I was surprised to see grammar question #4:
What properties have verbs?
Consider the German "Was haben Sie zu Essen?" In English, its word-for-word translation is "What have you to eat?" which sounds wrong, today, but once was right. That kind of "Germanic" phrasing was common for most of English's history, I think. I remember seeing it in Shakespeare [circa 1600], and Gulliver's Travels [1700s] and Moby Dick  as well. Even Lincoln, in 1862, wrote to General McClellan, "Have you any more perfect knowledge of this?"
Experts say that the extra "Do" comes from Celtic:
In Our Magnificent Bastard Tongue: The Untold History of English, John McWhorter [....] first demonstrates how Anglo-Saxon, brought to England in the Fifth Century A.D. by the Angles, Saxons and Jutes, and which we tend to call Old English, morphed into Middle English over half a millennium or so. In the process, its Germanic grammatical constructions were nearly all replaced by a grammar that is seen to be Celtic, resembling Welsh and Cornish, including in particular our tendency to use "do" as a "helper verb": "Do you want to go?" or "I didn't take it!" have replaced "Want you to go?" and "I took it not!". The former are Celtic constructions, the latter, Old English but with modern spelling. [From "Three Steps to English" by Polymath07]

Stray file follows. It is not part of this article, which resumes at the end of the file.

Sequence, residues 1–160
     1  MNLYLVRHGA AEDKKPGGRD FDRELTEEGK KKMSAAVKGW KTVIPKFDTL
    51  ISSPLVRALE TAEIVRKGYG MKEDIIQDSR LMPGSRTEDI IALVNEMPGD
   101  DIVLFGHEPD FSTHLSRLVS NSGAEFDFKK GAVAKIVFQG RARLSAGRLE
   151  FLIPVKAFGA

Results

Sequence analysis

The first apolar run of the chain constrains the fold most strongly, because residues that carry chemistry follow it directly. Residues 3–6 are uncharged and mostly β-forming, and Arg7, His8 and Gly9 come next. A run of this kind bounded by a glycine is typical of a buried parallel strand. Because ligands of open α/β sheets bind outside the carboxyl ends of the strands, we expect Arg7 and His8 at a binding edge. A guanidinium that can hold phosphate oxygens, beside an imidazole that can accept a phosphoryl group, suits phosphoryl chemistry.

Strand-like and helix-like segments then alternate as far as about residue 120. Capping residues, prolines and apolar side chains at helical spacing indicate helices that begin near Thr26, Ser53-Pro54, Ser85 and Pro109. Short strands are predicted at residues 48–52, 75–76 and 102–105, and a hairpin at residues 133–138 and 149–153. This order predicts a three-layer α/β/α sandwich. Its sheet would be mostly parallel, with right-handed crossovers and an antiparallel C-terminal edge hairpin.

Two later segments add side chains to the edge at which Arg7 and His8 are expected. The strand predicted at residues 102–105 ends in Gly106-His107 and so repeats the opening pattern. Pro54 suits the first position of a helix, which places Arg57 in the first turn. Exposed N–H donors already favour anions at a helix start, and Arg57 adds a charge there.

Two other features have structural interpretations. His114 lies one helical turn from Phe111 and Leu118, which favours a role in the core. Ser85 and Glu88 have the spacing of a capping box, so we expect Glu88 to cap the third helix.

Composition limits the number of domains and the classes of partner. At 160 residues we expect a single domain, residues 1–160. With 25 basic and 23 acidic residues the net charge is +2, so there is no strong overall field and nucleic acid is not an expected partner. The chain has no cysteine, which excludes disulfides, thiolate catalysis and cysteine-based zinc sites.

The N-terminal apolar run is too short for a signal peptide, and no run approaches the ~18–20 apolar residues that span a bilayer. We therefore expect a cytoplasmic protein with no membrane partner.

By the way, one reason the 1611 King James Bible seems so poetic may be that it doesn't follow, at all, the way we use this "do-helper" today:
The Gospel of John, Chapter 6 [KJV]
26 .....[Y]e did eat of the loaves, and were filled.
27 Labour not for the meat which perisheth.....
"You all ate the loaves and were filled. / Do not labor for the meat which perishes..."